After 20 years of studying persuasion, I'm convinced the best pitch should fit on the back of a napkin.
After all, some of world's most successful brands started out that way. A simple vision is the spark that attracts interest.
Southwest Airlines founder Herb Kelleher has rightfully been praised for revolutionizing air travel and building one of the greatest corporate cultures of any American brand. The business world lost a true maverick and innovator when Kelleher passed away recently at the age of 87.
The historic St. Anthony hotel in San Antonio has created a cocktail napkin to commemorate Kelleher's accomplishment. The story behind the napkin might offer one of the best communication tips you'll ever learn--one that could send your startup flying, too.
Picture the scene in 1966. Two friends meet for drinks at the bar of the St. Anthony club and restaurant. Rollin King is a Texas businessman. Herb Kelleher is a gregarious, whiskey-swigging lawyer. They've been kicking around a business plan to get into the airline business. What happens next is brand-making history.
Kelleher turns to Rollin and says "convince me."
Since iPads haven't been invented yet and the men don't have paper, Rollin reaches for the next best thing--a cocktail napkin. First, he draws a triangle in the center of the napkin. At the top of the triangle, he wrote "Dallas." On the bottom left, he wrote "San Antonio," and on the bottom right he wrote "Houston." A line connects them. The vision was simple--to create a small, local airline connecting three Texas cities with fares so low people would fly instead of drive.
"Rollin, you're crazy. Let's do it," Kelleher said.
Far from being an urban legend, the napkin sketch really happened. One year later, on March 15, 1967, their vision came to life as Southwest Airlines. The business plan sketched on the back of a napkin would transform the lives of millions of Americans and democratize air travel.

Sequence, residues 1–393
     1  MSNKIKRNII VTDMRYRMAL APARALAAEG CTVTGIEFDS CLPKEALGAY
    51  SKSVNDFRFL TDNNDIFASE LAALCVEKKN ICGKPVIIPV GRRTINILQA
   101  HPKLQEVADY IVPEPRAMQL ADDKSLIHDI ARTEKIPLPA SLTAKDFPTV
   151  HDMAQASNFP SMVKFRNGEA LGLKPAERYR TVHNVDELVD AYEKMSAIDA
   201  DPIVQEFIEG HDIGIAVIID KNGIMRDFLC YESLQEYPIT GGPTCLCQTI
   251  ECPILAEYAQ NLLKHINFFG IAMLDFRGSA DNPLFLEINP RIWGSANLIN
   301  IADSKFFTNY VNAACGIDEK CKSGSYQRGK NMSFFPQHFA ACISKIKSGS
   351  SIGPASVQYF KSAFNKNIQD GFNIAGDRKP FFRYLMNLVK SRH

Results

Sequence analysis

Thanks to neuroscience research, we know that the human mind needs to see the big picture before getting immersed in the details. The simpler the image of what you're trying to accomplish, the easier it is for your listener to buy in.
If a cocktail napkin isn't handy, a beer coaster will do. Just ask Richard Branson.
The Beer Mat That Launched a $3 Billion Airline
"If a pitch cannot fit on a beer mat, I'd rather listen to someone else's pitch that can fit."
When I sat down with Branson last year to talk about his book, Finding My Virginity, I asked him about a remarkable pitch that launched Virgin Blue (now Virgin Australia).
Brett Godfrey was an executive who worked for the Virgin brand in Europe. He had decided to leave the company and move back to Australia. Branson called him to wish him well. Godfrey asked Branson if he could hold on. Branson heard papers shuffling in the background. Godfrey was searching for an idea he had written on a beer coaster at a pub. From the few notes he had on the beer mat, Godfrey pitched Branson on an idea to start a low-cost airline to take on Quantas in Australia. Branson loved it and bought in.
"That beer coaster resulted in a $10 million investment, which turned into a $3 billion valuation three years later. That little airline took on Quantus and did very well," Branson told me. "I think that most good ideas can be expressed very quickly. The best ideas don't always need to have detailed financial projections and complicated business proposals behind them. If it can't fit onto the back of an envelope, it's probably a bad idea. Keep it short, sharp and picture-perfect."
The next time you're trying to figure out how best to express your idea, set aside the PowerPoint slide, head out to a restaurant, and take out a napkin instead. If your idea fits, you'll have a great starting point for your pitch.